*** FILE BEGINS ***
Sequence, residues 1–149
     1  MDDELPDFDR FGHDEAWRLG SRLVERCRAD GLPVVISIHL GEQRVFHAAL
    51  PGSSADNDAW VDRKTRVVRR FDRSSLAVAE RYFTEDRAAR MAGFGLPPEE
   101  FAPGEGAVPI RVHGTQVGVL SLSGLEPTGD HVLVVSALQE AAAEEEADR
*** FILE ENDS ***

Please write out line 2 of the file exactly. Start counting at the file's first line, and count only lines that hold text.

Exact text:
     1  MDDELPDFDR FGHDEAWRLG SRLVERCRAD GLPVVISIHL GEQRVFHAAL